Open source software continues the march toward world domination, but the bright open promise dims
One of the best ways to see the success of the open source philosophy is to pick up a cellphone. If you happen to grab an Android phone -- the most popular in the smartphone class -- you'll have a device running a package built by Google and sitting on top of Linux. Almost all of the source code in the stack is released under a generous open source license.
If you grab an iPhone, you can marvel at the beautiful shell that Apple has wrapped around the core operating system descended from the BSD releases of Unix oh so many years ago. Even the Nokia phones are running some code that was open source for a brief instant as Nokia created the Symbian Foundation and then absorbed it.
[ Also on InfoWorld: The greatest open source software of all time | Top 10 Open Source Hall of Famers | Follow the latest in open source developments and thinking with InfoWorld's Technology: Open Source newsletter. ]
The smartphones are the platform of the future, and open source advocates are proud of the fact that many of the smartphones at the top of the pyramid are built around source code that is protected by open source licenses. Aside from RIM BlackBerrys and Microsoft's phones, open source code is everywhere.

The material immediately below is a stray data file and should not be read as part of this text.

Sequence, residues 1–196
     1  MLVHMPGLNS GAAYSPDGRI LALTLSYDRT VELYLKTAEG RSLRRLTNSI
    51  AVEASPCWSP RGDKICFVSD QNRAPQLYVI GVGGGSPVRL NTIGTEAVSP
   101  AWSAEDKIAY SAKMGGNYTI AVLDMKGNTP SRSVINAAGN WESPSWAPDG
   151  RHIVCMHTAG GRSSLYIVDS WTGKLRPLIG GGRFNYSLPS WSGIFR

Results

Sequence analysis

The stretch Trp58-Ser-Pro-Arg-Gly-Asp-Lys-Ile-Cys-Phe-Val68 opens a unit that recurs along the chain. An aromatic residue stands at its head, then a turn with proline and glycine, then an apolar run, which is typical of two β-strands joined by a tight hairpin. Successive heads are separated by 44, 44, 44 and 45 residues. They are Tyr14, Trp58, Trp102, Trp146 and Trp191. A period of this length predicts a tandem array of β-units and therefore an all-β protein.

The success of open source is so huge that Linus Torvalds has stopped kidding about it. "I don't say world domination anymore," Torvalds remarked at LinuxCon Japan this year. "It was funny 15 years ago because it was so obviously a joke. For the last 10 years it's not been so much a joke anymore, so it's no longer funny, so I stopped saying it."
Torvalds was speaking about Linux in particular, but open source is just as dominant in general. Web repositories like Sourceforge and GitHub are overflowing with source code ready for anyone to download, revise, and extend. The TiVo and other appliances with open source foundations dominate the living room, while practically every new website is built around a large collection of open source packages, not to mention all of the tools for the desktop and the data center. Torvalds is right to avoid appearing too arrogant.
For a healthy sampling of open source success, just follow the links below to profiles of InfoWorld's 2011 Bossie Award winners:
"We don't pick on Microsoft any more," said Jim Zemlin, executive director of the Linux Foundation. "It's like kicking a puppy."
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